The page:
“But you look for scary cases like Antonie Dixon and it becomes a meth story. His crazy eyes, the gore, the samurai sword. And then we learned that he ended up killing himself in a very bad way in prison, and we discover after his death the that fact society really let him down.”

(Dixon committed suicide in prison in 2009. He had a childhood replete with all forms of abuse and, while the jury rejected his insanity defence at trial, it is plain he was seriously damaged.)

“There’s always more to it”, Bell said. “The substance is a nice headline, but all the complicated shit that’s under there, we don’t address.”

“The stigma that we’ve created, especially around meth, prevents those other messages that we want to send around kindness and compassion and treatment and that help is available.”

In lone defence of the 2005 guidelines stood the government’s lawyers who argued that, if sentences were too long, it was not down to the inflexibility of the guidelines, but the judges who apply them. Though they did concede the court might give new guidance on sentencing people with addictions.

The government’s lawyers were unable to comment specifically on the case but told the Spinoff that submissions made by the government for guideline cases like the present would generally involve “greater than usual discussion amongst senior staff and often consultation with interested departmental colleagues.”

It’s difficult, though, to reconcile the government’s goal of substantially reducing the prison population with its lawyers’ support for the 2005 guidelines and the long sentences they require.

Perhaps the position reflects the government’s attempt to at once show compassion to people with addictions while still punishing suppliers. Earlier this year the Prime Minister promised the government would recognise that “for many users, treatment programmes are the best way forward to reduce the pain and cost that too many suffer as a result of drug abuse”, but “at the same time combat suppliers and dealers.”

But cases like Marie’s raise the question whether this position is practically possible given users and suppliers are often enough the same people.

While proclaiming a health approach to drugs, the government promoted increases in Police numbers to “combat the methamphetamine scourge”, and paired its announcement of medicinal cannabis reform with promises to “crack down on synthetic drug dealers”.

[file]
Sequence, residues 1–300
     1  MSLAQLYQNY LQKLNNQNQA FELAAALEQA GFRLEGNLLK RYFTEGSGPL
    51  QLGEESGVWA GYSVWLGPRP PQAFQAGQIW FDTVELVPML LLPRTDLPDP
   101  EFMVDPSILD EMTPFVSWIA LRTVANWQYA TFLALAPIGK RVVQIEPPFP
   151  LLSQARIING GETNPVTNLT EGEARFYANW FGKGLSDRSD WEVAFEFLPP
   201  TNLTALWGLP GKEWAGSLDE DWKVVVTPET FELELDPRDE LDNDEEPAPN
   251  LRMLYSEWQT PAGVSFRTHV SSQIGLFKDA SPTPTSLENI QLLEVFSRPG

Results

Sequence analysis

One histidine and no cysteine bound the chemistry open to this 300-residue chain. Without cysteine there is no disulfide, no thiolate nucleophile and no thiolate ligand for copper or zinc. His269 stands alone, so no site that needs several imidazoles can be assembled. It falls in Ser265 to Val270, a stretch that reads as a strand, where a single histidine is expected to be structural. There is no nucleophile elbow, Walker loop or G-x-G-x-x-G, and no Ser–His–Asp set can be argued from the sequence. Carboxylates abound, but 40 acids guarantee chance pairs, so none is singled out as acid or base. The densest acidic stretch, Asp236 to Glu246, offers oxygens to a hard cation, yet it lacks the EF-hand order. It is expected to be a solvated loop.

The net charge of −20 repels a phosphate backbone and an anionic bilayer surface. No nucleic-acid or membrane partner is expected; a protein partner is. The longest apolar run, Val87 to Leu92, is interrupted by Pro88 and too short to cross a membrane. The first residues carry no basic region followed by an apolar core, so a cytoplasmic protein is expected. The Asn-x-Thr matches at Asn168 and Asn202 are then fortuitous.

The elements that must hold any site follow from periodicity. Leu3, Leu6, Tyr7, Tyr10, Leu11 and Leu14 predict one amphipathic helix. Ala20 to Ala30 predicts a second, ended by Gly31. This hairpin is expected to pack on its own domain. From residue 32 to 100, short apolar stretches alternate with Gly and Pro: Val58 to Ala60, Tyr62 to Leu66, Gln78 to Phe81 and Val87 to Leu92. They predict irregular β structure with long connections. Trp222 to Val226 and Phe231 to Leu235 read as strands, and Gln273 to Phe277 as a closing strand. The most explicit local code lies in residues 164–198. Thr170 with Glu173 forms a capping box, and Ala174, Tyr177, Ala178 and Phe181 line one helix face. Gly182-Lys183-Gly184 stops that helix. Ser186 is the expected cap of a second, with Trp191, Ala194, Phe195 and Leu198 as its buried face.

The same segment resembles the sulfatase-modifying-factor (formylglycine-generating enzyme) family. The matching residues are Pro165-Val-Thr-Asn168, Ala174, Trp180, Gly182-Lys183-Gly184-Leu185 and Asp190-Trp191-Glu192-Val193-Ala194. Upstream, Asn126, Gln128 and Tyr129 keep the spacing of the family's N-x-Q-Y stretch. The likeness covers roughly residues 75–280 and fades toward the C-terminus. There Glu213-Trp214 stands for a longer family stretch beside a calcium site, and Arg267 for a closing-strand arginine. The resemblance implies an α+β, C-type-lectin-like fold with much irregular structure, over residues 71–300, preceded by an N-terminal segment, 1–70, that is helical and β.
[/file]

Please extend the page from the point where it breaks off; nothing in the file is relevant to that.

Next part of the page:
According to Bell, the government’s recent decision to increase the classification of certain synthetic cannabinoids is the continuation of a substance-by-substance approach to drug policy which obscures the problems common to much substance abuse.

“Synthetics are a really good example of that bad behaviour that governments have – the focus on the substance. Yes, the chemical is fucking terrible and highly potent. But the vast majority of users are homeless or right on the margins.”

“We’ve made two of the substances that have been causing most of the deaths a Class A drug, but what else are we doing?” Bell asked.

“Are we are we going to build this new system that actually starts dealing with with drugs as a health issue?”

If severe punishments aren’t curtailing methamphetamine supply, what is to be done? Decriminalise, said the Drug Foundation, and focus on managing and reducing demand, said the Criminal Bar Association.

“The world is shifting, you know, people are sick of doing the same thing and not getting change. But it’s not this nice straight line trajectory,” Bell said.

“We have to be quite pragmatic and accept that for every Te Ara Oranga we get around the country, the cops are going to get more money and dogs, and Customs are going to get more machines that go bing at the border. Health will always be playing catch-up.”

If, when the court’s decision comes out later this year, the prisoners and those who argued alongside them get their way, an era of severe punishments may be at an end. The next steps, though – decriminalisation and greater funding for treatment – aren’t something the court can easily bring about.

Early in the two days of argument, one of the judges asked the lawyers to explain how the court could make some of the significant changes the lawyers were seeking. “We’re judges, not legislators,” he reminded them.

But, while much drug policy is the responsibility of the government and parliament, it was judges who made many of the rules leading to long sentences, and it’s judges who can unmake them. And every extra year in a sentence commits government resources to punishment which might otherwise go to treatment.

“Have judges contributed to the problem?” the lawyer for the Human Rights Commission asked the appeal court, innocently.

“If you feel you have, you don’t have to wait for others to fix it for you.”

*Names have been changed.